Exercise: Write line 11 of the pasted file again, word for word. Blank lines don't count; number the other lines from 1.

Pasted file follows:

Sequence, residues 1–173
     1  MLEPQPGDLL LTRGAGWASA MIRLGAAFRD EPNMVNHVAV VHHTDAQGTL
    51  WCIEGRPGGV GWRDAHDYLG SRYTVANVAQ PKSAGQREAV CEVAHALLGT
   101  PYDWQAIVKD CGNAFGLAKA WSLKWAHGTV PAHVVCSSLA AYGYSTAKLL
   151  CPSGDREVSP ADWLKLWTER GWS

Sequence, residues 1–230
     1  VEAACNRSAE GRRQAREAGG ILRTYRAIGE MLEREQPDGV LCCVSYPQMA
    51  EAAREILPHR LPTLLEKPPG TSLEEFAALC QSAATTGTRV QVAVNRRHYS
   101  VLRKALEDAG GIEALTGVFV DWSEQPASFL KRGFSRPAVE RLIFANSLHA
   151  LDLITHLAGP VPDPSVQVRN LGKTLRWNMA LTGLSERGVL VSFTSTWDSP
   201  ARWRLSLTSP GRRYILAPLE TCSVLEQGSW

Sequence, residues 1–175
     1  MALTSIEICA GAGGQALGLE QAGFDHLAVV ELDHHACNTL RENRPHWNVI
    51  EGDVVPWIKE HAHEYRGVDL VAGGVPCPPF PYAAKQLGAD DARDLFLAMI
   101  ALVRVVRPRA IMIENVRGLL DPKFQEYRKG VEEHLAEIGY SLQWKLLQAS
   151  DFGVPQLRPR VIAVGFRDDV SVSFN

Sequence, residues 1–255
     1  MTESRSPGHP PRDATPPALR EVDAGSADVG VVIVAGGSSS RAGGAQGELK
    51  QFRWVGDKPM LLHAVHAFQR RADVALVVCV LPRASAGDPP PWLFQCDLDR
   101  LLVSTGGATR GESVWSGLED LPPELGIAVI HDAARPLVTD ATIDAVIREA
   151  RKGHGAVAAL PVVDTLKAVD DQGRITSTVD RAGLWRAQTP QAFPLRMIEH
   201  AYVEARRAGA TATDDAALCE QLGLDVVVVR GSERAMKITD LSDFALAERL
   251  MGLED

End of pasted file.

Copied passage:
   201  ARWRLSLTSP GRRYILAPLE TCSVLEQGSW